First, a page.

Tutorial :Override OnPaint



Question:

If I override OnPaint and draw a square on the control, how do I get that e.graphics.draw... to show up when I'm previewing it in the designer?


Solution:1

http://msdn.microsoft.com/en-us/magazine/cc164048.aspx

http://msdn.microsoft.com/en-us/magazine/cc164145.aspx

While you could manually register with Control.OnPaint to add your design time UI, you'll find that overriding OnPaintAdornments is a better option because it is only called after the control's design-time/run-time UI is painted, letting you put the icing on the cake (see Figure 20). Simply adding DesignerAttribute to the ClockControl class completes the association: Copy Code

[ Designer(typeof(ClockControlDesigner)) ] class ClockControl : Control { ... }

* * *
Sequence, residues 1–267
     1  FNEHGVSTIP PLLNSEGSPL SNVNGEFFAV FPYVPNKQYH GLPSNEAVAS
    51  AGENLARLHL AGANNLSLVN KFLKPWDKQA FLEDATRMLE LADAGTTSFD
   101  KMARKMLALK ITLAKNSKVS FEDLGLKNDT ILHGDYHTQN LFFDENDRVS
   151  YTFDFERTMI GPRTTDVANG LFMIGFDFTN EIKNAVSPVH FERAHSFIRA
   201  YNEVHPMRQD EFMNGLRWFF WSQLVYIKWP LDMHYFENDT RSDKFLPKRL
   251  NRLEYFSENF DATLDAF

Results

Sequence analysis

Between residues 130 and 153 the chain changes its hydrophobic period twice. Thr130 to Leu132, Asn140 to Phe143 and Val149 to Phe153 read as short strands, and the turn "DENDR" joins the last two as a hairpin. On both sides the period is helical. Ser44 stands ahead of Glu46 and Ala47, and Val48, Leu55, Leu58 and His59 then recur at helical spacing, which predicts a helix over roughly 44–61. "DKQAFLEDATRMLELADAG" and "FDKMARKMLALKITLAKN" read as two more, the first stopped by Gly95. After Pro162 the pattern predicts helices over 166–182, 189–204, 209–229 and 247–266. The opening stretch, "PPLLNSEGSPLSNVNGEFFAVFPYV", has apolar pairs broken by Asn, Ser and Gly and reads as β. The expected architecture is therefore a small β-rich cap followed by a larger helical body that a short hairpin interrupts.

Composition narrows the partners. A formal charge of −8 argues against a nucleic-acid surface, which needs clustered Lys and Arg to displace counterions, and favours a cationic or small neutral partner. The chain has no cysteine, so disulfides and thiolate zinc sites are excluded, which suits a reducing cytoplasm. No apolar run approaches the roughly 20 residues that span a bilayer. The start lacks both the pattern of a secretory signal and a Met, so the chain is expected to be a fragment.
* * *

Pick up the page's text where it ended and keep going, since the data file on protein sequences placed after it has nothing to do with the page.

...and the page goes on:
Solution:2

If you're trying to draw a focus rectangle for you control, and have it be visible when manipulating your control after it has been added to a form, then Gaijin42's approach should work.

If you're trying to see what your custom drawn control looks like...

  • If you've overriden the OnPaint method in the control, you should see the results of that OnPaint when you look at your control after it has been added to a form (or another control).

  • If you're trying to see the results of the Paint when looking at the designer for the control itself, I don't think that is possible (at least it wasn't with VS2005):

    Unfortunately this is not possible. While you're writing the behaviours of the user control the code isn't compiled and the designer actually uses an ordinary user control to host the child controls. The OnPaint override etc will not run.

    To debug the overrides in your control you need to run it in some sort of host. VS2005 provides a new control host for this purpose but I find that even this is not sufficient sometimes.


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